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Complex Numbers: Equation involving the argument operator.

  1. Apr 3, 2013 #1
    1. The problem statement, all variables and given/known data
    Question:
    Sr5oxE3.png

    2. Relevant equations
    Any relevant to complex numbers.

    3. The attempt at a solution

    Given,

    Arg([itex]\frac{z}{w}[/itex])= Arg(z)-Arg(w)

    z=x+yi
    z1 = -1-2i
    z2 = 2+3i

    Arg(z-z1)=Arg(z2-z1)

    LHS:
    Arg(x+yi+1+2i)
    Arg((x+1) + i(y+2))

    tan([itex]\theta[/itex])=[itex]\frac{y+2}{x+1}[/itex]

    RHS
    Arg(2+3i+1+2i)
    Arg(3+5i)

    tan([itex]\theta[/itex])=[itex]\frac{5}{3}[/itex]

    RHS = LHS

    [itex]\frac{y+2}{x+1}[/itex] = [itex]\frac{5}{3}[/itex]

    Simplified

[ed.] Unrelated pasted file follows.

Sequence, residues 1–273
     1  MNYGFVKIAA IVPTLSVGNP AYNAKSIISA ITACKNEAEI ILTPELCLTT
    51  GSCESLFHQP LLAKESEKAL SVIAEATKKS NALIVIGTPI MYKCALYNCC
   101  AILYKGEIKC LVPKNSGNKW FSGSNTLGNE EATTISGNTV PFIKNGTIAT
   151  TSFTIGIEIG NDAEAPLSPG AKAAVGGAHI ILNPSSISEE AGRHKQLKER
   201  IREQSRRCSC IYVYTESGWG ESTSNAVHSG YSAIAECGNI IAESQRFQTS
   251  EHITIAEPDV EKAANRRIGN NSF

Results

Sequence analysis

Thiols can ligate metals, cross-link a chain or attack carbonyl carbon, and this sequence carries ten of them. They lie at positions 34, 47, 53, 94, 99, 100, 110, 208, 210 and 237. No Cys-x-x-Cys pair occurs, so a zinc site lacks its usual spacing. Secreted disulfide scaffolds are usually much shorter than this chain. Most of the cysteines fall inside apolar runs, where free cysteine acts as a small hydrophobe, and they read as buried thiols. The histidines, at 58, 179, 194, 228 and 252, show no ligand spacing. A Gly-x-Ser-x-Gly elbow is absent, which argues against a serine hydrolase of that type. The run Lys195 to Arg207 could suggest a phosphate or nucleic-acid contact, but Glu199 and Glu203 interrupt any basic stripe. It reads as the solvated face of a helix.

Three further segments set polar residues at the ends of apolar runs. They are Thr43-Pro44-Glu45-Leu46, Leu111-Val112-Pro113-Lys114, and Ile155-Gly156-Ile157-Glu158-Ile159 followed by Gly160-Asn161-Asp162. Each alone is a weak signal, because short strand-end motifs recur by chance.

y = [itex]\frac{5}{3}[/itex]x -[itex]\frac{1}{3}[/itex]

    Is this right?
     
  2. jcsd
  3. Apr 3, 2013 #2
    Yes it is correct.
     
  4. Apr 3, 2013 #3
    Cool beans,

    Is there a simple way to solve these though?

    A shortcut method?


    Wait, I found it...

    It's the line created from the points z1= -1-2i and z2 = 2+3i

    Gradient = [itex]\frac{3 - (-2)}{2 - (-1)}[/itex] = [itex]\frac{5}{3}[/itex]

    y = [itex]\frac{5}{3}[/itex]x + b

    (-2) = [itex]\frac{5}{3}[/itex](-1) + b

    -6 = -5 + 3b
    -1 = 3b
    b = -[itex]\frac{1}{3}[/itex]
     
    Last edited: Apr 3, 2013
  5. Apr 3, 2013 #4
    Yes. That's how I solved it. Your original method is still fine though. If you have loads of practice,, you'll be able to use both the methods equally efficiently.
     
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